From Roland Barthes – Camera Lucida – Chapter 5
Very often (too often, for my taste) I have been photographed and knew about it. Now once I feel myself observed by the lens, everything changes: I constitute myself in the process of “posing”, I instantaneously make another body for myself, I transform myself into an image. This transformation is an active one: I feel that the photographer creates my body or mortifies it, according to its caprice .
No doubt it is metaphorically that I derive my existence from the photographer. But though this dependence is an imaginary one (and from the purest image-repertoire), I experience it with the anguish of uncertain filiation: an image – my image – will be generated: will I be born from an antipathetic individual or from a “good sort”? If only I could come out of the paper as on a classical canvas, endowed with a noble expression – thoughtful, intelligent, etc.!
What I want, in short, is that my (mobile) image, buffeted among thousands of shifting photographs, altering with situation and age, should always coincide with my (profound) “self”; but it is the contrary that must be said: “myself” never coincides with my image; for it is the image which is heavy, motionless, stubborn...If only photography could give me a neutral, anatomic body, a body which signifies nothing! Alas, I am doomed by (well-meaning) photography to always have an expression: my body never finds its zero degree, no one can give it to me.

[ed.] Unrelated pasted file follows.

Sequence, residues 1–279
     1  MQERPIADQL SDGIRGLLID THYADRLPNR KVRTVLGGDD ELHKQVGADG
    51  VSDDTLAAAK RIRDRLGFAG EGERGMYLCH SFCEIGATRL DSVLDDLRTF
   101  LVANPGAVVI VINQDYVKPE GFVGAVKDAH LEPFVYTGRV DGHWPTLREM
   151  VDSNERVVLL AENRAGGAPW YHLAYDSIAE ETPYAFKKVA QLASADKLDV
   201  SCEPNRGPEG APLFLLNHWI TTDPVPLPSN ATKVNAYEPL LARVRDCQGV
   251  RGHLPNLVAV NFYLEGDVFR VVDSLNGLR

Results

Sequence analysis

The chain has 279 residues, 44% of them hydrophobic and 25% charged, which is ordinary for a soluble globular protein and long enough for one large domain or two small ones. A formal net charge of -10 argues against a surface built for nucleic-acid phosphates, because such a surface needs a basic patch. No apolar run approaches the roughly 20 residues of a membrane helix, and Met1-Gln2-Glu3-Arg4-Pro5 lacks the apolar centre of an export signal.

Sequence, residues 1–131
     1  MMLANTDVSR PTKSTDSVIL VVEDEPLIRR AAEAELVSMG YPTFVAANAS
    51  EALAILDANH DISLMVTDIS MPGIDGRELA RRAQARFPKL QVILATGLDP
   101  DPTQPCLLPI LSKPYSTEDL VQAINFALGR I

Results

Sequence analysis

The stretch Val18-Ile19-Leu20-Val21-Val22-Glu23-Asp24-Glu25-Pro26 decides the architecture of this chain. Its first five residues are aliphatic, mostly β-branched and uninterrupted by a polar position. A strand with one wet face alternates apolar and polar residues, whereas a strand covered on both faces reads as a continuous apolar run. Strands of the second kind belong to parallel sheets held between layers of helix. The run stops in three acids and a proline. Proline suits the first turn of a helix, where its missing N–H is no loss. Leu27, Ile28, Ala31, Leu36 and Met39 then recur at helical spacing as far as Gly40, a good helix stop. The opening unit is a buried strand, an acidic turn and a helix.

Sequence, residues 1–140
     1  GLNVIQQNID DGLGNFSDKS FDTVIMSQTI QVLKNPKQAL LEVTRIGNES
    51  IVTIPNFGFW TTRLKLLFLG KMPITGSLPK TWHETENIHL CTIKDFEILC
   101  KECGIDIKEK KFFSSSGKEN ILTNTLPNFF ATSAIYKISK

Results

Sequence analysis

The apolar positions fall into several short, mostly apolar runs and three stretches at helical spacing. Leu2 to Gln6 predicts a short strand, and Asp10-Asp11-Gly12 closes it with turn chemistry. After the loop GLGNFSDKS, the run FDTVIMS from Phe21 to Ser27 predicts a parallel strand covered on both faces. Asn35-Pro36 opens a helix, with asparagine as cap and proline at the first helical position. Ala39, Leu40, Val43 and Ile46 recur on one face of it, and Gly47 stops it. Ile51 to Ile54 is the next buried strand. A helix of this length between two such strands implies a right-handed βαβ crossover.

In front of the lens, I am at the same time:
· The one I think I am
· The one I want others to think I am
· The one the photographer thinks I am
· The one he makes use of to exhibit his art.
In other words, a strange action: I do not stop imitating myself, and because of this, each time I am (or let myself be) photographed I invariably suffer from a sensation of inauthenticity, sometimes of imposture (comparable to certain nightmares).